Make sure to keep your tegu entertained by adding plants, barks, boxes and “toys” around. Many owners will occasionally hide their pet’s food or offer live prey to give the tegus an opportunity to scavenge and hunt as they would in the wild.

See also: Enrichment ideas for big lizards

Chacoan Tegu Diet

Tegu lizards are scavengers who eat just about anything. In the wild, their diet relies heavily on insects, plants, fruits, eggs and small animals such as rodents. In captivity, it’s important to feed your tegu a mix of meat and veggies, with the occasional whole prey, but they will most likely munch on anything you throw at them.

Paraguayan and Argentine tegus are considered omnivore, in nature they have been observed eating fruits, vegetables and meat in almost equal amounts. In captivity, it is best to provide them with a balanced diet that minimizes fats and sugar in order to avoid obesity and other potential health complications.

Food requirements

Juvenile chacoan tegus should be fed a diet high in protein in order to promote growth. This can be achieved by feeding mostly insects such as cockroaches, crickets, grasshoppers, earthworms, mealworms, silkworms and snails. As they grow larger, you may be able to start feeding them pinkies and reptilinks.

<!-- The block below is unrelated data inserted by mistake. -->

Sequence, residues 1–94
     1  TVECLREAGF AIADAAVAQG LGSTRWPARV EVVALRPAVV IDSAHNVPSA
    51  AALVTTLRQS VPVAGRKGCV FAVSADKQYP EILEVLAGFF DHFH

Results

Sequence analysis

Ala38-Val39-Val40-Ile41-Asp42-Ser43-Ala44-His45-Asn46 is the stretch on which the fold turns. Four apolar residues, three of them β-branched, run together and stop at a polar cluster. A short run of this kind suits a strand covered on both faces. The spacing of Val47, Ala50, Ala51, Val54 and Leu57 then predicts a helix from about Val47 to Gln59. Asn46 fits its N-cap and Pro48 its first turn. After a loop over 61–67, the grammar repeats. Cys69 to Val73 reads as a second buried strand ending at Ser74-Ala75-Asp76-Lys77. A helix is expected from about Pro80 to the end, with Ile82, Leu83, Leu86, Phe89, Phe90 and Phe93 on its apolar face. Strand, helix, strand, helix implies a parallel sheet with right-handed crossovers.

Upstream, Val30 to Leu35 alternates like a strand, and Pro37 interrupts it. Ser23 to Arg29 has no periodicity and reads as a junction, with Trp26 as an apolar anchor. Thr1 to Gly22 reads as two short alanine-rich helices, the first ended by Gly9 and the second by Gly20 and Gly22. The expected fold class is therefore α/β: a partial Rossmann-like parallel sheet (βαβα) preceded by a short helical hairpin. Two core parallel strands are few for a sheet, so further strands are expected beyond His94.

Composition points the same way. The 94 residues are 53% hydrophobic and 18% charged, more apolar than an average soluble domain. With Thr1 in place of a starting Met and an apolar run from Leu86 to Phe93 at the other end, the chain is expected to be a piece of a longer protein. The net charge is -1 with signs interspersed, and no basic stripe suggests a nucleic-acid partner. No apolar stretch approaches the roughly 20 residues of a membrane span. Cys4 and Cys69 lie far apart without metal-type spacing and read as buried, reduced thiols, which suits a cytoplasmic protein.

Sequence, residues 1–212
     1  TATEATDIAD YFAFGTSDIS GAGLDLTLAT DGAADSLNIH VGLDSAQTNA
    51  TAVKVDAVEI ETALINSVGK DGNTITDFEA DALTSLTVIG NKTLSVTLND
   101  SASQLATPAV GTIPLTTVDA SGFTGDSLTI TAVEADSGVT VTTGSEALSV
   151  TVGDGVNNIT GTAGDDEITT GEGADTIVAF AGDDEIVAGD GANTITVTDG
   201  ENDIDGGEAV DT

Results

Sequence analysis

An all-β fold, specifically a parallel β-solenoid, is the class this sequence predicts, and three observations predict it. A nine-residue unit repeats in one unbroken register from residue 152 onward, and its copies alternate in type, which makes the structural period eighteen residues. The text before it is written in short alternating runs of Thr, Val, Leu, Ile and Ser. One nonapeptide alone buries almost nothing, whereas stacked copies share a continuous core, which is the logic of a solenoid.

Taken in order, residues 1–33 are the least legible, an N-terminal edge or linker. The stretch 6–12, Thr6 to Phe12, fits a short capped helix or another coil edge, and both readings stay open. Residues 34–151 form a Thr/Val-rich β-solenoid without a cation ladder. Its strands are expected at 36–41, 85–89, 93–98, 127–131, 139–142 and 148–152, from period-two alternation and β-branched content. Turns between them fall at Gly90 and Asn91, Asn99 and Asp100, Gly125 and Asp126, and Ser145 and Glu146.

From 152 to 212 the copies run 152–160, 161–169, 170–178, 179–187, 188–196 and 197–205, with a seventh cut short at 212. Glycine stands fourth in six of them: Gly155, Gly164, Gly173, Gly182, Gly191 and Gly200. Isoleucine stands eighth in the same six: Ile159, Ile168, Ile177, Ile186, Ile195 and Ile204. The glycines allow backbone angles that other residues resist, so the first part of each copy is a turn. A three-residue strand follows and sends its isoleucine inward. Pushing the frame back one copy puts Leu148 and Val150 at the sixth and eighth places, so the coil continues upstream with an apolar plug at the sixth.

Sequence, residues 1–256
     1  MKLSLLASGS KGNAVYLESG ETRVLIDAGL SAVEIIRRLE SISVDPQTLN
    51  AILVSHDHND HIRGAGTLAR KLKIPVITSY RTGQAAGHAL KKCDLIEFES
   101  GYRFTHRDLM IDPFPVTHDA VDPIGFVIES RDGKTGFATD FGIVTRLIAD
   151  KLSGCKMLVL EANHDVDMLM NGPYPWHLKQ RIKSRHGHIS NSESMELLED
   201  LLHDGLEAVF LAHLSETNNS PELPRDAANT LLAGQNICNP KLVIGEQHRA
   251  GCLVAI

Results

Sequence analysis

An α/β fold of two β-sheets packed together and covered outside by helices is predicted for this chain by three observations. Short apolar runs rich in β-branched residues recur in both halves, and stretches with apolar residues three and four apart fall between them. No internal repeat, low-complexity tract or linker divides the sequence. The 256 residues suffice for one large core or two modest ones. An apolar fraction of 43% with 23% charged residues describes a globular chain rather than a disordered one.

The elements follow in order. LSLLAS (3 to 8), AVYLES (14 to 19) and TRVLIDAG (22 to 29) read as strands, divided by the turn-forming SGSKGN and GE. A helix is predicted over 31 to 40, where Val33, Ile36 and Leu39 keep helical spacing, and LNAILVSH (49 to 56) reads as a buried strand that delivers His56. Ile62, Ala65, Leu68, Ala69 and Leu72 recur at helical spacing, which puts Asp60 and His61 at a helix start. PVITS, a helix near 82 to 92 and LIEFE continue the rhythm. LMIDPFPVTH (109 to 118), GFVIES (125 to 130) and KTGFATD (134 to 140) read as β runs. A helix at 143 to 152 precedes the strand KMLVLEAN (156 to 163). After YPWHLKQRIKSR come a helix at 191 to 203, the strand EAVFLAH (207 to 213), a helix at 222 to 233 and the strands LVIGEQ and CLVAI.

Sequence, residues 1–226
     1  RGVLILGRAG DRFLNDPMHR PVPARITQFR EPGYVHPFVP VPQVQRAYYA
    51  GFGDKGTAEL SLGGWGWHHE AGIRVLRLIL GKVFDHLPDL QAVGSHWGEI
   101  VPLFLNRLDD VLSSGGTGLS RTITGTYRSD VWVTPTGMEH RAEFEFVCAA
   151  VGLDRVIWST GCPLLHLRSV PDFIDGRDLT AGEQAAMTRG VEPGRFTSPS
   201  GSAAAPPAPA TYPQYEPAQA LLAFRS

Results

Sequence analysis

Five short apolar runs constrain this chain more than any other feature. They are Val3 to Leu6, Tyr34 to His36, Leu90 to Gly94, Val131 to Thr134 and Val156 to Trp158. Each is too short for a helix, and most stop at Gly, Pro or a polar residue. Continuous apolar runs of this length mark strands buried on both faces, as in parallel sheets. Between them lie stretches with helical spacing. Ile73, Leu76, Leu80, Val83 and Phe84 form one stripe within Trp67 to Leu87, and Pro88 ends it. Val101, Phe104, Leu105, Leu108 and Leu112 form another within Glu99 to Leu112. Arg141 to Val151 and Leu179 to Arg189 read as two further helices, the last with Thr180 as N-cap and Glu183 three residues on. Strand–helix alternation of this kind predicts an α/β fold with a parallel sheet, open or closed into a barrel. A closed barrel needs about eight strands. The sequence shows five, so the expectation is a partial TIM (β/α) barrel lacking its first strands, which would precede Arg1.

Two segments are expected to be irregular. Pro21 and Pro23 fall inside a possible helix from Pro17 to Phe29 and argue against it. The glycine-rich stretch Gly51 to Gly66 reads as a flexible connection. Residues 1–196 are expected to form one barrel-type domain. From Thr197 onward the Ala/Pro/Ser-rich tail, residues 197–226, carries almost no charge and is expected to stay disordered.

Eventually, you can feed them raw chicken and turkey, raw or boiled eggs (with the shell), fish and shrimp; as well as vegetables and fruits such as carrots, bell peppers, squash, pumpkins, dandelions, strawberries, blueberries, apples, grapes, cherries, cactus pads and fruits.

Chacoan tegus will need plenty of fruits and vegetables in their diet as adults, but it’s best to go easy on fruits which are naturally high in sugar. As a rule of thumb, aim at the following diet percentages:

Dietary requirements
Juvenile chacoan tegu (0-2 years)90% protein, 10% fruits and vegetables
Adult chacoan tegu (>2 years)60% protein, 30% vegetables, 10% fruits

Feeding schedule

How often you need to feed your tegu depends largely on its age. The younger your pet, the more often it needs to be fed. Fully grown adults only need to be fed a couple of times a week, although you may still decide to feed them daily (make sure you don’t over do it or you risk ending up with an obese lizard).

Feeding schedule
Hatchlings (0-6 months)Feed every day